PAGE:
“This is a milestone in the history of business aviation,” said NBAA president Ed Bolen during yesterday’s press luncheon, which heralded the launch of ABACE 2013 in partnership with the Shanghai Airport Authority. “We’re delighted to be back in Shanghai,” He added, referring to the fact the first ABACE was held in Shanghai back in 2005. “With that initial show, we planted a seed,” Bolen said. “Thanks to a visionary number of leaders here in Shanghai and throughout the Chinese government, we’ve been able to see that seedling grow.”
With the Asian Business Aviation Conference & Exhibition (ABACE) on the horizon this month, show organizers are anticipating approximately 7,000 attendees, nearly double last year’s mark, based on the success of 2012’s re-launch. According to an NBAA spokesman, 84 percent of last year’s exhibitors will be returning for a second stint at the Shanghai Hawker Pacific Business Aviation Service Centre, and the number of exhibitors overall has increased from 156 last year to more than 175 this year.
This year’s Asian Business Aviation Conference & Exhibition (ABACE), which will take place at Shanghai Hongqiao International Airport from April 16 to 18, will once again bring together numerous parties who are hopeful that the business aviation market in this vast, fast-growing country will open up and boom. The event is a joint venture among NBAA, the Asian Business Aviation Association (AsBAA), Shanghai Exhibition Center and the Shanghai Airport Authority.
The FAA has approved Shanghai Hawker Pacific Business Aviation Centre (SHPBASC) as an overseas repair station. This makes the FBO at Shanghai’s Hongqiao International Airport the first dedicated business aviation support facility to hold this Part 145 approval in mainland China. Shanghai Hawker Pacific filed its application just a few days before Aug.
The FAA has approved the Shanghai Hawker Pacific FBO as a foreign repair station, allowing it to support U.S.-registered aircraft in China. The company applied for the approval just a few days before the FAA stopped taking applications on Aug. 3, 2008, due to the U.S. Transportation Security Administration’s failure to introduce security rules for such facilities.
NBAA announced today that International Civil Aviation Organization (ICAO) council president Roberto Kobeh González will be a keynote speaker at this year’s Asian Business Aviation Conference & Exhibition. The show will take place from April 16 to 18 at Shanghai Hongqiao International Airport. “China and the broader Asian region are playing an ever-increasing role in the global aviation community, so it is fitting that the president of the world’s aviation oversight body will speak at the opening general session for ABACE,” said NBAA president and CEO Ed Bolen.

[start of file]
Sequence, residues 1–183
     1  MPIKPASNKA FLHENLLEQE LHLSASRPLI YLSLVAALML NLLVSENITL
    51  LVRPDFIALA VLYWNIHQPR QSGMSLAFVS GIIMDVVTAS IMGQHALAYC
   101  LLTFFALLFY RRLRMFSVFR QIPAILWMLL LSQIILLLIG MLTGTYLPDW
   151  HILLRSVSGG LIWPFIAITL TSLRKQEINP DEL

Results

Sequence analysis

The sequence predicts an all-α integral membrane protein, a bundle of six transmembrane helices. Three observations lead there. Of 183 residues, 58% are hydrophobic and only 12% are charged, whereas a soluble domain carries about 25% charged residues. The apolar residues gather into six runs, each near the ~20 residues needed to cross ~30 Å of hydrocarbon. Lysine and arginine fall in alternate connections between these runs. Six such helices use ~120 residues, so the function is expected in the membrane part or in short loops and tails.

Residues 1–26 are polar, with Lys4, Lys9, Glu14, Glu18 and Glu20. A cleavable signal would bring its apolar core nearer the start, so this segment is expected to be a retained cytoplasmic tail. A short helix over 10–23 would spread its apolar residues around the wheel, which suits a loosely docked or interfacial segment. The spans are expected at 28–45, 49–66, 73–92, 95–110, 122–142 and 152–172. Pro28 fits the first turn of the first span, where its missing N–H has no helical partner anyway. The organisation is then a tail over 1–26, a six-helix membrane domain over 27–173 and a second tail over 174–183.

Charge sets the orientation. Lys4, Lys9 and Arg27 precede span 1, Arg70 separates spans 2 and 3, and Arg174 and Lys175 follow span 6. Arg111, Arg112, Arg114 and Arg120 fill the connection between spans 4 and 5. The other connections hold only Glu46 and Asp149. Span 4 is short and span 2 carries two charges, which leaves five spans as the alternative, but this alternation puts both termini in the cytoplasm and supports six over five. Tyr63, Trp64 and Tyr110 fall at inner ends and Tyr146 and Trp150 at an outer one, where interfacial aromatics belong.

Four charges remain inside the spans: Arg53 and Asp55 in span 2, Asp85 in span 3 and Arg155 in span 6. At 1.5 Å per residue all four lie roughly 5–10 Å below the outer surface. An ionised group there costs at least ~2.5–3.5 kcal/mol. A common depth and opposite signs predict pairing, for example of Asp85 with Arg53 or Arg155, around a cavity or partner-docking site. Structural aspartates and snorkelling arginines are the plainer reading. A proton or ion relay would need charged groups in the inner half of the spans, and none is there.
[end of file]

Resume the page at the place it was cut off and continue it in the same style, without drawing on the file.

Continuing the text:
CAE’s Gulfstream G450/G550 flight simulator in Shanghai, China, recently received Level D certification by the Civil Aviation Administration of China (CAAC). The G450/G550 training programs are set to start soon at the Shanghai Eastern Flight Training Centre (SEFTC), in the Shanghai Pudong Waigaoqiao free trade zone. Both programs will feature standard CAE courseware in Mandarin, as well as English. The Shanghai facility is CAE’s 10th business aviation training location worldwide.
The ASA Group has opened its first office in China. The international aviation services company obtains landing and over-flight permits provides flight supervision and coordination, travel safety consulting, ground transport and hotel bookings and arranges catering. ASA has several offices throughout Asia, as well as in London and the U.S. Its newest office will serve clients traveling to Shanghai through both Pudong and Hongqiao International Airports.
Show organizers from the U.S. National Business Aviation Association, which jointly promotes the EBACE show, came to Geneva flushed with success (but doubtless fatigued too) after the successful relaunch of the Asian Business Aviation Conference & Exhibition (ABACE). The March 27-29 event in Shanghai was, by common consent, a resounding success–especially considering the many challenges that organizers faced in running a modern trade show in China’s main business city.
Last week in Shanghai marked the beginning of a new era in business aviation. It also represented a major expansion of AIN’s continuing quest to serve the industry and those who employ it around the world.